Reaction from china and japan of foreign domination
China and Japan were both victims of imperialism. Although the countries are close together and have certain cultural ties, the way they each reacted to foreign domination was quite different. China was more focused on getting rid of the white imperialists as soon as possible through violence. Japan on the other hand did not show as much resistance, instead it adopted the ideas and technologies of the at that time superior Western nations. China profited admirably from the trading, with the British being their biggest customers for the tea trade.
As the World Gets Tougher on China, Japan Tries to Thread a Needle
China and Japan's Responses to the West in the 19th Century
In the 19 th century, after a long period of isolationism, China and then Japan came under pressure from the West to open to foreign trade and relations. The Industrial Revolution in Europe and the United States had created a wide gap between them and the West, leaving the two Asian nations behind technologically and military. In that period, neither of them had the power to stand up to the Western nations, and eventually both had to sign unequal treaties that forced them to open their ports and cities to foreign merchants. However, the way this process happened in each country and their reaction to it were very different, attracting the interest of many historians Lockwood,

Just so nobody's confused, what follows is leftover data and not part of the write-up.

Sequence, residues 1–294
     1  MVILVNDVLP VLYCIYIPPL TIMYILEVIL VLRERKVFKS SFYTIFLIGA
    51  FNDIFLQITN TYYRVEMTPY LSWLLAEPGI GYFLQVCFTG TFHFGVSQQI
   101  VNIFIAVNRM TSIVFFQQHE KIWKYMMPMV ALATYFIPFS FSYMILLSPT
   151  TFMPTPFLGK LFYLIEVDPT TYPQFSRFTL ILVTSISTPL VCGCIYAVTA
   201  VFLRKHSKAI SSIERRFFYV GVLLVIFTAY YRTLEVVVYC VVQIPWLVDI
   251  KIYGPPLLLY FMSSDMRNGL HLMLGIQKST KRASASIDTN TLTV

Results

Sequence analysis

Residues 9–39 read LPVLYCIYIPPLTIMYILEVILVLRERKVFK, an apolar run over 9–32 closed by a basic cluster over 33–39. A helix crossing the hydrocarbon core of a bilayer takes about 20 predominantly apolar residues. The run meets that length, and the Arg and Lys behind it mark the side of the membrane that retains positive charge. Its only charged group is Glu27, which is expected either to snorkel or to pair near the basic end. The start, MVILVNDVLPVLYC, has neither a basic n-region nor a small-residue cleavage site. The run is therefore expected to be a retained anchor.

Reactions to Foreign Domination in China and Japan
TOKYO — Earlier this year, as it became clear that the coronavirus pandemic was not going to pass quickly, the Japanese government delayed plans for what would be the first state visit by a Chinese leader to Tokyo since While its top allies have taken a harder line on China — especially the United States, which dramatically escalated tensions this past week by closing the Chinese Consulate in Houston — Japan has pursued a delicate balancing act, mindful of the economic might of its largest trading partner and its own limited military options. It has abandoned plans to purchase an American missile defense system, which in part had been considered a shield against China.
Christopher W. Japan has long been regarded by mainstream International Relations theories as a status quo power intent on pursuing an immobilist international strategy towards China characterized by hedging rather than any move to active balancing. These conclusions, in turn, invite a reconsideration of the comfortable theoretical consensus on Japan as an eternal status quo power. The expectation should be that any shifts in the US-led international and regional systems in which Japan has been so firmly embedded, and as precipitated by China, should pose questions about the precipitation of a similar counter-reaction from Japan.